Kenya is Launching its First Wildlife Inventory

This headcount is set to help optimize how this African country cares for its precious wild animals.

Jul 10, 2021
Kenya is Launching its First Wildlife Inventory | This headcount is set to help optimize how this African country cares for its precious wild animals.

The East African country of Kenya is famous for its scenic landscapes and wealth of wildlife. Its inland areas in particular are made up of populous highlands famous for their variety of animal species. This impressive roll call includes lions, cheetahs, elephants, giraffes, deer, rhinoceroses and hippopotamuses. 

Now the country’s government has commissioned an impressive first; a rigorous nationwide wildlife survey for 2021. The goal is to gather data to spur the introduction of the best conservation measures for these animals and their habitats, and to identify threats to its vast but threatened wildlife populations. 

It is also hoped that the survey results will inform next policy steps to best reduce the challenges to Kenya’s precious animal assets. 

These challenges include climate change, poaching, and the illegal trade in wildlife. But they also take in the fallout from the country’s population and tourism industry growth: the new hotels, the additional road and rail infrastructure, and increased forest destruction. These can, for instance, interfere with wildlife migratory corridors, and so hinder animal movements. 

AS our NTV Kenya video shows, the species this census will record include endangered primates, principal birds such as ostriches, marine mammals, and rare species such as the Sable antelope. “It will be conducted in eight conservation areas including the savanna, semi-arid areas, wetlands and forested ecosystems. These will help establish population sizes for different species, water sources, and also help map out factors that affect the animals,” reveals this TV report.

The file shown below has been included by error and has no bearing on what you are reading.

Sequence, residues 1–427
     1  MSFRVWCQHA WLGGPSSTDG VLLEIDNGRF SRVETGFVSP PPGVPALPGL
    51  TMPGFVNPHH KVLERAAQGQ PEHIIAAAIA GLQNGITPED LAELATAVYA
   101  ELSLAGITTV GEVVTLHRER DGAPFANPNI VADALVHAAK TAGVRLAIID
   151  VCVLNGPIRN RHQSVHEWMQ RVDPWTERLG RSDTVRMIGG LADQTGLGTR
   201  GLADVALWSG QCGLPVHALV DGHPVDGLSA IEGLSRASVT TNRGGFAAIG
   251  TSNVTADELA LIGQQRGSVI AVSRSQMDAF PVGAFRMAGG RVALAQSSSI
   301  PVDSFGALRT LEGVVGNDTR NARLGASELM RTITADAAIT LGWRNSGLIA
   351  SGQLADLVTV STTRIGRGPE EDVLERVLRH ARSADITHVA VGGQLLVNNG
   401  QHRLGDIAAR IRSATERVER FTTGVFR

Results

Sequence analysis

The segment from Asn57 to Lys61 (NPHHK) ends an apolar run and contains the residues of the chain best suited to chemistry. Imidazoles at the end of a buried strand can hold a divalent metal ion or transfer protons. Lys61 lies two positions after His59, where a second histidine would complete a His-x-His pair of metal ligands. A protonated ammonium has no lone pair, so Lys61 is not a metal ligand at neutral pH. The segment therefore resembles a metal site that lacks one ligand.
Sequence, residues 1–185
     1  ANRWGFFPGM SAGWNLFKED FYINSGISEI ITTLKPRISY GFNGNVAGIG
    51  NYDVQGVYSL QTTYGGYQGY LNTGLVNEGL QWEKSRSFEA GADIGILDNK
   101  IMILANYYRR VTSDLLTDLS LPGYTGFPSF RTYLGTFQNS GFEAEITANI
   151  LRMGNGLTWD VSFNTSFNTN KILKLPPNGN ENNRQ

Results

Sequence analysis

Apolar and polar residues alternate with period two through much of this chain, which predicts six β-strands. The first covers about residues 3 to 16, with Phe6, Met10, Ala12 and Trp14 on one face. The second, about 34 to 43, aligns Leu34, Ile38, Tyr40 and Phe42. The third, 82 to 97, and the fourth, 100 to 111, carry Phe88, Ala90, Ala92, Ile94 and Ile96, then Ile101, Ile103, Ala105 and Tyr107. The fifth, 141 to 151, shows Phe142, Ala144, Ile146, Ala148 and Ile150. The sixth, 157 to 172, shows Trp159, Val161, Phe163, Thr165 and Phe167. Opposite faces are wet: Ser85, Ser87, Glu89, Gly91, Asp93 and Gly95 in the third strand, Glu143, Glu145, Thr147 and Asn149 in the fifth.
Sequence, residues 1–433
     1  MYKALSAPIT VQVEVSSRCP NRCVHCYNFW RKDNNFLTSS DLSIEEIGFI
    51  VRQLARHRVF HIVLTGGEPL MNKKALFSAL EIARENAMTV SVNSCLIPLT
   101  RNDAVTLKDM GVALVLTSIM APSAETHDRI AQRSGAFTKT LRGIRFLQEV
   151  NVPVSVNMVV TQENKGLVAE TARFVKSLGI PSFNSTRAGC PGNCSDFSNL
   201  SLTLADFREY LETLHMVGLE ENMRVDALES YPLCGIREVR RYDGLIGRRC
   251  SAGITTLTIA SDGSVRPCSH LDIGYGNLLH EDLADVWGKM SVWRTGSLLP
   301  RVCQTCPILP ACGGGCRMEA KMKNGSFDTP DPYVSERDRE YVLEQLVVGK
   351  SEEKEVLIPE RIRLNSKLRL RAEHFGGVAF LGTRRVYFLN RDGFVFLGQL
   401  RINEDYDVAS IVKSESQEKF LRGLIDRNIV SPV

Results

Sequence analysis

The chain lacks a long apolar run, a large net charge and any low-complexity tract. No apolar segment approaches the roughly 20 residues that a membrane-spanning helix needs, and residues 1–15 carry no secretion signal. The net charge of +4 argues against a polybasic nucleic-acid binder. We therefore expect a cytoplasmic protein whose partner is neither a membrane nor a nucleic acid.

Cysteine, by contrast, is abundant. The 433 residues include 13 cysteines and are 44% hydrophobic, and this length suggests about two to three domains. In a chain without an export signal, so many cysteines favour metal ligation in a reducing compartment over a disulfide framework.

The nationwide census will use several advanced ground and aerial tech tools to measure local wildlife. These include GPS, helicopter and 4x4 vehicle surveillance, microchips, and camera traps. 

Najib Balala, the country’s Cabinet Secretary for Tourism and Wildlife, explained the survey’s rationale to  ktn NEWS, “It is important for us to understand, what do we have, what do we possess, what do we own as a nation,” recognizing the very positive local recognition of local fauna as a key national asset. 

Experts are highlighting how this initiative will generate updated strategies for wildlife conservation and management, while monitoring the number and distribution of threatened species such as pangolins.

Winnie Kiiru, Chairperson of the Kenya Wildlife Research and Training Institute (WIRI) explains in the video that  “This has given us the opportunity to give research the role that it deserves in wildlife management

Speaking on behalf of the Kenya Wildlife Service (KWS), Brig. Rtd. John Waweru, its Director General, said “We are going to continuously improve our operations, reduce costs, multiskill the teams, and employ new technologies to ensure [our] wildlife population is sustained.”

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Daphne has a background in editing, writing and global trends. She is inspired by trends seeing more people care about sharing and protecting resources, enjoying experiences over products and celebrating their unique selves. Making the world a better place has been a constant motivation in her work.